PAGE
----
2 (out of 4)
Even with the writer behind the Pitch Perfect trilogy at the helm, little of Kay Cannon's feminine voice makes it through Blockers' uninspired screenwriting by the inexperienced Kehoe brothers.
Formerly titled The Pact, a story about three high school senior girls coordinating the loss of their virginity on prom night is overshadowed by the angle of suspicious and overprotective parents attempting to cockblock their decisions. This latest Goldberg/Rogen produced fare – which uncharacteristically doesn't star the lovable stoner and face of the pair – got a pass from critics for its supposed maturity, but Blockers falters in its sex comedy aims and in resonating emotionally or thematically.
All of the film's star power belongs to John Cena and Leslie Mann, while Ike Barinholtz single-handedly holds the film together as the odd duckling of the three parents. Playing an estranged father trying to reconnect with his shy, secretly lesbian daughter (Gideon Adlon), Barinholtz has solid timing and respectable dramatic range, making him the only stand out against his one-trick pony co-stars. Cena's hulk with a soft heart routine and Leslie Mann's typically shrill, blissfully unaware maternal role she's done so many times before amount to minimal laughs and ideological confusion for the sake of "comedy." Barinholtz' character is the voice of reason in the story and his elevation of the material is constantly undone by Mann and Cena's one-note performances and one-dimensional characters.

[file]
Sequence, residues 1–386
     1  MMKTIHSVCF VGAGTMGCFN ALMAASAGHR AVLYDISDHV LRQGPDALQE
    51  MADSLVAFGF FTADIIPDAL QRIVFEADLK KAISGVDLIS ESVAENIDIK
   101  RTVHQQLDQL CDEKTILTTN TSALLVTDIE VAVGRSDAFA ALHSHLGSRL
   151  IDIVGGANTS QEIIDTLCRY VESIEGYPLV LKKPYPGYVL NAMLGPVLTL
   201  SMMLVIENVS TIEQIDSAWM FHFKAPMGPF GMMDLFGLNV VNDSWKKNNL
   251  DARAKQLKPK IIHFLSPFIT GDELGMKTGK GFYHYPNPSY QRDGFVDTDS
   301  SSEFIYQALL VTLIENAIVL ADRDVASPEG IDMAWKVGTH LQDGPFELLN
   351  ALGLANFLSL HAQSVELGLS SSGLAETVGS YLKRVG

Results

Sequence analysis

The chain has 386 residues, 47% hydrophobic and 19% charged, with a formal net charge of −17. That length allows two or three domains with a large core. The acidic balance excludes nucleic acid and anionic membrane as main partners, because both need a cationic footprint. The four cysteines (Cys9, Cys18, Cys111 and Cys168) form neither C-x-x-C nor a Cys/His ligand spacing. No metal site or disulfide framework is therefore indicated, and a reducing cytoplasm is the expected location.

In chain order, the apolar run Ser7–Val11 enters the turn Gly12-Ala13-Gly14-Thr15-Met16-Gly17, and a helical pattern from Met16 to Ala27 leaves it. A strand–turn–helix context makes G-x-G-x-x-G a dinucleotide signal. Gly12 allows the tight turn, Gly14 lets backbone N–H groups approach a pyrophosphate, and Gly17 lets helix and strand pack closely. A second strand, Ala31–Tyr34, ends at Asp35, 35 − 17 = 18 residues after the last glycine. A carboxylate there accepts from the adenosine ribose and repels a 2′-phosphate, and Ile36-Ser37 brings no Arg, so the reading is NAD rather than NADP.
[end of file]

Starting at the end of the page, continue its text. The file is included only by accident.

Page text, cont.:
The biggest lack in Blockers is the amount of attention paid to the sexually curious trio of teens at the film's center. There may be candor in the way the movie depicts each young lady's carnal goals, from the desire to get trashed in order to get it over with in the case of the crass athlete (Geraldine Viswanathan) to the naïve blond ringleader (Kathryn Newton) just trying to make it the perfect evening with her long-time boyfriend. Adlon's blooming lesbian is stuck with a fat fedora-toting loser but she actually longs for a quirky Asian girl – this subplot is pathetically simplified for being the most SJW factor of the film. Nevertheless, the teenage side of things is obviously the most fascinating facet of Blockers.
With no tact in drawing satire or insight from the film's generational gap, the parent's overblown attempts to curtail their kid's prom night makes for easy marketing and a repetitive film. The gags get stale quick but the humor resists the low brow and becomes more digestible as the film wears on – but the third act's emotional beats are also so predictable you can feel them forming before they actually occur. The general entertainment value and a grade school lesson on feminism raise Blockers to the ranks of watchable even though the whole project is so hit-and-miss that I cringed as often as I laughed.
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